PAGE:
It's less about punishment and more about encouraging low-risk behavior. Why should those who choose low-risk behaviors subsidize those who choose high-risk behavior? The key here is that premiums should be based on the risk associated with the choices one makes rather than simply their circumstances.
The difference is that high-risk driving is a choice that one can make each day. On the other hand, most high-risk health conditions are not something that someone can fix instantly by changing their behavior. Now, there are indeed some high-risk health conditions that are a result of choice, such as smoking or unhealthy eating habits...but even with those, one can stop smoking, but there's a significant amount of damage that's already done that makes that person be a higher risk. If there's a way to adjust one's insurance premium based on the high-risk choices they make, it becomes more fair for everyone and helps to discourage high-risk choices.
I expect those are just the spoken names and that the commands will still be single words, similar to:
"GNU awk" -> gawk
"enhanced grep" -> egrep
Done! It's called "awk". Just set the RS and FS fields as appropriate.
If you can synchronize arrivals with departures at the same (or a nearby) station, energy regenerated through braking can be immediately used to power the acceleration of another train. If it is not synchronized, the power is wasted (unless they have batteries or some other power cache, which would surely introduce its own inefficiencies).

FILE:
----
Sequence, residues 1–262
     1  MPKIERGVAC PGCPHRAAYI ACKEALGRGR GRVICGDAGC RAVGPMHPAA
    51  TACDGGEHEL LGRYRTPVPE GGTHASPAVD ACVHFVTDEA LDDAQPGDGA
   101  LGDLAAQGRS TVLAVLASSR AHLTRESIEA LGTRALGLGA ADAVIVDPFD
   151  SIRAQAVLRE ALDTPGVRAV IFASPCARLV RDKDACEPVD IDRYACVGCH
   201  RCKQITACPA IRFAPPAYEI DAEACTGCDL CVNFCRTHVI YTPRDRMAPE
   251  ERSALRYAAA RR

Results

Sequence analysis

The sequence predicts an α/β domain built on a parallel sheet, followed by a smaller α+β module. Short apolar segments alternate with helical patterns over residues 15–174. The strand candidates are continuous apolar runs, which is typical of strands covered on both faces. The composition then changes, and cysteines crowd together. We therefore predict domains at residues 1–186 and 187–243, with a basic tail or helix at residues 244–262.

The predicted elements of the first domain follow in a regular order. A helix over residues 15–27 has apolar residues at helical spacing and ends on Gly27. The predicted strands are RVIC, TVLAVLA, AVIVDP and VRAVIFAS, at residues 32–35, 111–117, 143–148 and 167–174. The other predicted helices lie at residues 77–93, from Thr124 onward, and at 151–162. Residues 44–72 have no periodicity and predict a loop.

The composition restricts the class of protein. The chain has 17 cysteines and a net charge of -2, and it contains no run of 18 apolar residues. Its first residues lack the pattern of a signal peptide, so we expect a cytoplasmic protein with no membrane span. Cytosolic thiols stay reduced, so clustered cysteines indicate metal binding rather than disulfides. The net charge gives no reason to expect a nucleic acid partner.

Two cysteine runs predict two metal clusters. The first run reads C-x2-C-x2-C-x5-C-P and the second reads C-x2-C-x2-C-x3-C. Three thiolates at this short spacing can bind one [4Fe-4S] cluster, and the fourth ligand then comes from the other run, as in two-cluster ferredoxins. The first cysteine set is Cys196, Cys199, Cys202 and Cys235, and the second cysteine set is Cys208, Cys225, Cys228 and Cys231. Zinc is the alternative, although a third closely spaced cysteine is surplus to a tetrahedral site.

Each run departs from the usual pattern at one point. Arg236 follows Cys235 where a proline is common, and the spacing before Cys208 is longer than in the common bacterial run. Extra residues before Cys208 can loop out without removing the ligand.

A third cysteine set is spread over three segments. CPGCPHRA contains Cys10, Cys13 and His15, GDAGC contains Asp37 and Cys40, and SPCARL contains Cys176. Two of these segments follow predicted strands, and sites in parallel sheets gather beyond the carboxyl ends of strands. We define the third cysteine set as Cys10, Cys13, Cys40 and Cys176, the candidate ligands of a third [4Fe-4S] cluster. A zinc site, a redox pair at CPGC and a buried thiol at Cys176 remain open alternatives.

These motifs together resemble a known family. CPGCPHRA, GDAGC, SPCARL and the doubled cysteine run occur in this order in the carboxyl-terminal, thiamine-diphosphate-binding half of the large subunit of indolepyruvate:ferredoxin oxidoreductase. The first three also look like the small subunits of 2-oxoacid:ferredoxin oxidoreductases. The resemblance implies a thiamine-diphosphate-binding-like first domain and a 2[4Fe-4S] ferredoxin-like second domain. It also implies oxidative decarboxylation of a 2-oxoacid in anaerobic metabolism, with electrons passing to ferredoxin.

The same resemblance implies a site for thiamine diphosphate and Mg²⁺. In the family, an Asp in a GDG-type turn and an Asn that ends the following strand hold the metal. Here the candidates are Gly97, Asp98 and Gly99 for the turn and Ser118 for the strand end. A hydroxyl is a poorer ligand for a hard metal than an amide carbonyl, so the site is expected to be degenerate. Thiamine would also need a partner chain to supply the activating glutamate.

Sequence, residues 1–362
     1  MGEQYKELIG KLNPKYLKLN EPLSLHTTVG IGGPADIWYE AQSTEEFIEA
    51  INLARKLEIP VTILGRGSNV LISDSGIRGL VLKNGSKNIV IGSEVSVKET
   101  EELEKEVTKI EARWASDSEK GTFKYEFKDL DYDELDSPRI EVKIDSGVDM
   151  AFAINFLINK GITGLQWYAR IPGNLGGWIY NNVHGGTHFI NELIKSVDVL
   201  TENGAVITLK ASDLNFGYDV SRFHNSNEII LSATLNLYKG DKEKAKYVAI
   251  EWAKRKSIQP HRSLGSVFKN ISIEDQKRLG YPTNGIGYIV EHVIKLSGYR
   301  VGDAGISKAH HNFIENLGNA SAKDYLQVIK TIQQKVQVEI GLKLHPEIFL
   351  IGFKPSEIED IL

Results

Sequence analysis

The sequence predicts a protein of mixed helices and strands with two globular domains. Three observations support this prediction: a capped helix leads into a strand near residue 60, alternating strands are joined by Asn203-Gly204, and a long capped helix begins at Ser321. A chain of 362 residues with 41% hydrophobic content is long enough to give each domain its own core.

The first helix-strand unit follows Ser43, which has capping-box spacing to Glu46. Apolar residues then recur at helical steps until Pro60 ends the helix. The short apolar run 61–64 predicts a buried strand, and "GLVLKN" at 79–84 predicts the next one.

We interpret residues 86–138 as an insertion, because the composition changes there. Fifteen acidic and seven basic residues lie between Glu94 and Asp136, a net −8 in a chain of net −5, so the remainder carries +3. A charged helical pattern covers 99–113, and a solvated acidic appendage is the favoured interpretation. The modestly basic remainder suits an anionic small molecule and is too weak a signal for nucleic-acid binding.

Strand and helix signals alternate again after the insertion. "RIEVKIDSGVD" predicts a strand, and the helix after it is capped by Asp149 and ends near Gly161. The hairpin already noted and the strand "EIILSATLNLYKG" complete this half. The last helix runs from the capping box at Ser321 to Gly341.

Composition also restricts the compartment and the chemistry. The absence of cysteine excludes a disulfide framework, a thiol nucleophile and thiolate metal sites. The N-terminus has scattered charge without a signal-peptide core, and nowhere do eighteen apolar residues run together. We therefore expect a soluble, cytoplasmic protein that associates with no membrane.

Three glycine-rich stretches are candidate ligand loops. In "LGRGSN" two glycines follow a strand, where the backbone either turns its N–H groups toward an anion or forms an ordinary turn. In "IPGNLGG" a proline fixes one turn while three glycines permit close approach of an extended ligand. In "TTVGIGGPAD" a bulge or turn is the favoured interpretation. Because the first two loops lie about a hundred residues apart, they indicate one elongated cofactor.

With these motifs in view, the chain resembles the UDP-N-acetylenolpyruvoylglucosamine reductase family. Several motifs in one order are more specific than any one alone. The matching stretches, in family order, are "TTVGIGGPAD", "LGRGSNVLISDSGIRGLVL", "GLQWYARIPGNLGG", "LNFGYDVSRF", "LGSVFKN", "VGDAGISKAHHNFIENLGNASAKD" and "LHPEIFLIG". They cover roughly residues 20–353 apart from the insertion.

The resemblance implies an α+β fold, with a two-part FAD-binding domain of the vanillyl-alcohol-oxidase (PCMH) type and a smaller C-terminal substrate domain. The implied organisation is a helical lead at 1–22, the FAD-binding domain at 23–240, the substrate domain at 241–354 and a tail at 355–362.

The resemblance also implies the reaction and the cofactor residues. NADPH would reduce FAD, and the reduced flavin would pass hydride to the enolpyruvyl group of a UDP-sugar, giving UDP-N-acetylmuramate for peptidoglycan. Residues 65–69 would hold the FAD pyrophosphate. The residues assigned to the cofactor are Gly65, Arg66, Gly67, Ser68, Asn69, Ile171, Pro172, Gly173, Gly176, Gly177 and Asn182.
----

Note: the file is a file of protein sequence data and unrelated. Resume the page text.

I once heard a story (though unfortunately I have no references--it may very well be an urban legend) that the Vancouver SkyTrain continued operating through a power outage thanks to (a) its very efficient linear induction motor propulsion & braking, (b) operating at a reduced speed (to minimize the impact of wind resistance), (c) supplementary power from backup generators, and (d) synchronized arrivals and departures from stations in conjunction with regenerative braking. The synchronization could be done precisely and programatically because it is a fully-automated system.
Slightly off-topic, but isn't it time to replace the image of borgified-Gates with an image of borgified-Ballmer?
"The Tunnel is a horror movie about what the MPAA does to people who download movies over bittorrent."
...did any of them actually answer in the form of a question?
A couple years ago I wrote a paper for SANS [PDF] about a similar technique I used to fight recurring problems with zero-day attacks. This technique could be modified somewhat for the needs of an ISP. For example, instead of moving them onto a quarantine VLAN, the redirect rule could be created on a per-IP-address basis. It could present the page to a user informing them of their problem, and upon user acknowledgement, it could drop a cookie in their browser that would allow them to surf uninterrupted from that host from some period of time (after which it would remind them again). That way, every user on every computer behind that IP address would be able to see that there is likely an infected system on their network.